Think Before You Poach: Luring Away a Competitor’s Talent Comes with Risks

Poach employee

A court battle between Twentieth Century Fox and Netflix highlights the risk of luring away a competitor’s talented executives to gain an edge. The lawsuit alleges Netflix wrongfully encouraged Fox’s VP of promotions Marcos Waltenberg and VP of creative affairs Tara Flynn to break their contracts and come to work for the streaming giant. They both now work in programming development for Netflix. In a countersuit, Netflix contends Fox’s fixed contracts constitute “involuntary servitude.” In a first-round victory, the judge in the case has denied Fox’s motion to dismiss Netflix’s counterclaim.

While this case is before the courts in California, and the outcome is far from decided, there are important takeaways for Michigan companies. The greatest competitive edge any company has is its people. For that reason, it might seem tempting to identify and hire away a competitor’s top talent in order to gain a leg up. As the legal battle between Netflix and Fox demonstrates, this can be a problematic strategy.

The risks can be summed up in just one word: litigation. Most companies are not going to let key executives just walk out the door. There’s too much at stake. So, they will fight. They may not get those employees back, but taking an aggressive stance will also send a message that the company will not tolerate anyone else coming after their remaining talent. Other competitors might think twice before making a move that will likely lead to a costly and time-consuming court battle.

A company that has lost key employees will likely try litigating on a couple of fronts. As with Fox’s suit against Netflix, the business would seek to enforce the departing executive’s non-compete agreement. The enforceability of non-competes varies between jurisdictions, so the likelihood of one standing up to scrutiny isn’t entirely certain.

Michigan’s courts will enforce a “reasonable” non-compete. They must balance the rights of both the employer and the employee. For example, a non-compete cannot unreasonably limit an executive’s ability to earn a living in their chosen profession. An agreement should not prohibit an employee from working outside the company’s geographic market or in another industry sector. Although Courts in Michigan have not established a bright line rule, they have generally held that non-competes can be enforceable for a period of one year.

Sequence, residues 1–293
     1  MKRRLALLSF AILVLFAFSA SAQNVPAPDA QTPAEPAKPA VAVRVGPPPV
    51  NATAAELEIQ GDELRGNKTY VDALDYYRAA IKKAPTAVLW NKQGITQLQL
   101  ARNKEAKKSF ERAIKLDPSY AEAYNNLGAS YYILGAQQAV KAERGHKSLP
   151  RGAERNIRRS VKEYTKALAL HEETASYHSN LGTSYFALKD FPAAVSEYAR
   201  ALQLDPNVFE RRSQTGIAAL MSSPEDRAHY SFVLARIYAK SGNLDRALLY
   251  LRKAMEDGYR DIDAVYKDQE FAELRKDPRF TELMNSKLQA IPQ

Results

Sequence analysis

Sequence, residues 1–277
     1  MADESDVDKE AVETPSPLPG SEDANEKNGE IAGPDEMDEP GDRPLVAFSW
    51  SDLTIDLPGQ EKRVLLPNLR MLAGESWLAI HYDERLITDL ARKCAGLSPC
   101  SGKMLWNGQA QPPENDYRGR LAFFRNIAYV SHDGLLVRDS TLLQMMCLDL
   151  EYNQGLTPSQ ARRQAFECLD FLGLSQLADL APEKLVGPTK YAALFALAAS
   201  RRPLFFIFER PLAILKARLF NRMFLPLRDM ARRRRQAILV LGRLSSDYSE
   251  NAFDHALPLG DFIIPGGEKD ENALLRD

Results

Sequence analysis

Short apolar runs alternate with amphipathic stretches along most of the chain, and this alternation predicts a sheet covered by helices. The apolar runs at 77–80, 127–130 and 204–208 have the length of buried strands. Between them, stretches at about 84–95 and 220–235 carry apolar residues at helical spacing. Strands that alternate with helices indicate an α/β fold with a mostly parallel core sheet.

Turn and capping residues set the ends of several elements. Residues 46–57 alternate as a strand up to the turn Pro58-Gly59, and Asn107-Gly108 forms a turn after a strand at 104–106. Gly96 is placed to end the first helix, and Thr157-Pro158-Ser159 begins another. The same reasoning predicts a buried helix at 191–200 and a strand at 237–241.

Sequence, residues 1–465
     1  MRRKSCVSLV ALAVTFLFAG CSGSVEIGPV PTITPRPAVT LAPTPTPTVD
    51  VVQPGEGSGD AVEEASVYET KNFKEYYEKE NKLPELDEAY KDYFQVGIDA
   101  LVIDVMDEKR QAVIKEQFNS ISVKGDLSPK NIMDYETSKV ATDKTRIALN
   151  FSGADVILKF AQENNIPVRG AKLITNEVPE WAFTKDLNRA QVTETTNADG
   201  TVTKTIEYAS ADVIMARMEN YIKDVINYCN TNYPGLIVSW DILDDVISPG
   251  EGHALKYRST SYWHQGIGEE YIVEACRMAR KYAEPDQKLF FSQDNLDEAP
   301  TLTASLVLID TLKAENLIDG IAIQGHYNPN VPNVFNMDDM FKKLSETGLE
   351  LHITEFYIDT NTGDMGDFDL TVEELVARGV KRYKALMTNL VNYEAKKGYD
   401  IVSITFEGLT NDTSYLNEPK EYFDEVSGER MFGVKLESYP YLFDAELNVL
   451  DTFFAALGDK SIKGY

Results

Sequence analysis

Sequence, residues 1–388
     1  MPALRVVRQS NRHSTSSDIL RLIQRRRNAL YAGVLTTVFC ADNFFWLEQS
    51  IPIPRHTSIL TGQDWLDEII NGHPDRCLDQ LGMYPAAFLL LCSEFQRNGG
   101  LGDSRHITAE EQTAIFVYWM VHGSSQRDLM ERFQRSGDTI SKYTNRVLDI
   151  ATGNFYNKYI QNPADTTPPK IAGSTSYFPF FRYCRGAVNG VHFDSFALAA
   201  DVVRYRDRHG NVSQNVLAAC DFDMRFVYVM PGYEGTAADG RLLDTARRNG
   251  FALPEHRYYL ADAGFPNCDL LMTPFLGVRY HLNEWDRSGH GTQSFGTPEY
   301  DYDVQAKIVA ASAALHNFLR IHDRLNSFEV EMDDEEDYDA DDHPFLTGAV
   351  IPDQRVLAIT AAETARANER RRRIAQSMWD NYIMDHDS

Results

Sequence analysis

If an employee’s non-compete is “reasonable,” then, it’s likely a Michigan court would take a dim view of poaching. This could result in damages being assessed against both the executive and, possibly, the new employer. A company would have to consider whether or not these possible costs would outweigh the competitive value to be gained from the new hire.

Another factor to consider when hiring away a competitor’s talent is the issue of intellectual property. If the executive had knowledge of his former company’s trade secrets, for example, these are off-limits to a new employer. They cannot be used in any way without risking litigation. And, unlike non-compete agreements, the courts, including those in Michigan, do not tolerate trade secret theft and will likely be very punitive in terms of damages should they find any evidence of infringement. Those damages can also be tripled if the infringement is found to be willful.

It is important, then, that companies ensure the new executive they have hired away from a competitor does not make use of any of a former employer’s trade secrets in his new position. The risk here is significant, and the IP rights of the previous company must be respected.

It might seem like the easiest way to gain an edge over a competitor is to take away their best people. A company considering this move, however, should go in with open eyes and full knowledge of the potential risks. It might be that the value of the new employees and what they bring to the table will be worth it – but this is a decision that cannot be made lightly.

Posted in In The News.